‘Havana Blue’

By: Ashmar Mandou

Lawndale News Chicago's Bilingual Newspaper - Local NewsA tapestry of rich sound, syncopated improvisation, and wondrous melody will make up the world premiere of “Havana Blue,” a musical excursion of deep rooted Afro-Cuban rhythms and cultural exchange and dance that promises to leave audiences breathless.

In collaboration between River North Dance Chicago Artistic Director Frank Chaves and Chicago Jazz Philharmonic Chamber Ensemble Founder and Artistic Director Orbert Davis, “Havana Blue” will offer up seven vignettes that will tell the multi-faceted story of Cuban culture that will surely evoke raw emotion. Chaves and Davis had the opportunity to spend nine days in Havana where they were both left inspired to bring their experiences and share them with Chicago audiences.

Recently, Chaves spoke about how he was left inspired to return to his “homeland,” and how he hopes Havana Blue will motivate Chicago audiences to explore deeper into the rich history of sound and culture of Cuba.

Returning Home
I was born in Cuba and left when I was six months old. This was my first time going back. So, this was pretty much a trip of a lifetime, for me and it really affected me greatly on many, many different levels. First and foremost, arriving there and feeling, as cliché as this may sound, like I returned home. Growing up, I heard about the Cuba that once was from stories told to me by my parents and family…they told me about the nightclubs and how it was the place to be back in its heyday. So, I certainly had this idea in my head of what Cuba used to be and, of course, of what Cuba is, today. There was nothing like actually setting foot in Havana and seeing how it was such a state of disrepair and how fallen apart everything seemed to be, but the one thing that I know affected me the most was, which I know was the same for many people on our trip, was that on the outside things looked terrible, and are terrible, but that the richness and passion and culture were really untouched. That things could be in such a state of disrepair, yet the art can still be so unbelievably rich. There was such a contrast there and that was my biggest takeaway.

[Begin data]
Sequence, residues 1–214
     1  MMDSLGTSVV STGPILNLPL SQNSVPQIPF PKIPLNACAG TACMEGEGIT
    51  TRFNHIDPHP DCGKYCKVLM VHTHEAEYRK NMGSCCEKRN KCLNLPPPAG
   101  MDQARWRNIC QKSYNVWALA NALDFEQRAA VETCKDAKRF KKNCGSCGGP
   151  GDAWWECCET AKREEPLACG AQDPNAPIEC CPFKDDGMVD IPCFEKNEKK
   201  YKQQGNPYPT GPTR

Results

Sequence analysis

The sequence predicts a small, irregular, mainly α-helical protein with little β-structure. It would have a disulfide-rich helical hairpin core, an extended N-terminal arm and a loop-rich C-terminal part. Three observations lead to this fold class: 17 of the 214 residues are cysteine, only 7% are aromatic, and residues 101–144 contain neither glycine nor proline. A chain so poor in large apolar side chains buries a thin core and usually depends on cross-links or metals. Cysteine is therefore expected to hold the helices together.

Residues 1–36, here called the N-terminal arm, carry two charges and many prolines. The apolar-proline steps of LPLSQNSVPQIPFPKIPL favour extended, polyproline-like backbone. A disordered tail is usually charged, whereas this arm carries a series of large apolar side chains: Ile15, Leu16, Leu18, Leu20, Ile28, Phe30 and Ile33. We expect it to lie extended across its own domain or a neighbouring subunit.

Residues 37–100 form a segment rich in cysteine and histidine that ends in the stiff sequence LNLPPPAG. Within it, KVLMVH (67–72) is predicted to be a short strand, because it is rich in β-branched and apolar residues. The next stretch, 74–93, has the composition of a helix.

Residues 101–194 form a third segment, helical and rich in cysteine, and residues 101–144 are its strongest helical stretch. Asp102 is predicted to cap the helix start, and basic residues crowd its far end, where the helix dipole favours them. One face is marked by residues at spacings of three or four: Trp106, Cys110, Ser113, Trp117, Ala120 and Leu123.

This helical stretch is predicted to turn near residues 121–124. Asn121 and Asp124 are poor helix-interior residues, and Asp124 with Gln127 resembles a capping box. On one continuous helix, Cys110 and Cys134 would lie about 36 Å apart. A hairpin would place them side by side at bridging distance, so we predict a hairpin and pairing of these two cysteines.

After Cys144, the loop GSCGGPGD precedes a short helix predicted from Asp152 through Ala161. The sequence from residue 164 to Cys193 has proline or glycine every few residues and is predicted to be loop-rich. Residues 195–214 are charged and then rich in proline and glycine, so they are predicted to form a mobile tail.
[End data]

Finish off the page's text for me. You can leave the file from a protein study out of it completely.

Afro-Cuban Sound
Well, I think it’s a really interesting combination of many different influences, honestly. First and foremost, the rhythm; the rhythms are what is always changing…the sound is something that I have always been in tuned with, without even realizing it. As a choreographer the more I did, the more I created, the older I became…I realized I was always building the Cuban rhythm, always finding the syncopations and everything. And that is one hundred percent the rhythms of Cuba and the Afro-Cuban rhythm…they are so involved. There is always such beautiful melody on top of rhythms and built into that is a lot of improvisation. It’s really kind of in the blood.

Havana Blue
Well, we did not want to recreate the Cuban music, we did not want to recreate Cuban dances, we wanted to inspire. So for Havana Blue, my greatest hope is that people will, at least, catch and understand and get a taste of the essence and spirit of Cuba.

Tickets for Havana Blue are currently on sale for Saturday, April 13 at 9p.m., at the Auditorium Theatre, located at 50 E. Congress Pkwy. To purchase tickets, visit www.auditoriumtheatre.org/musicandmovement or call 800-982-2787.

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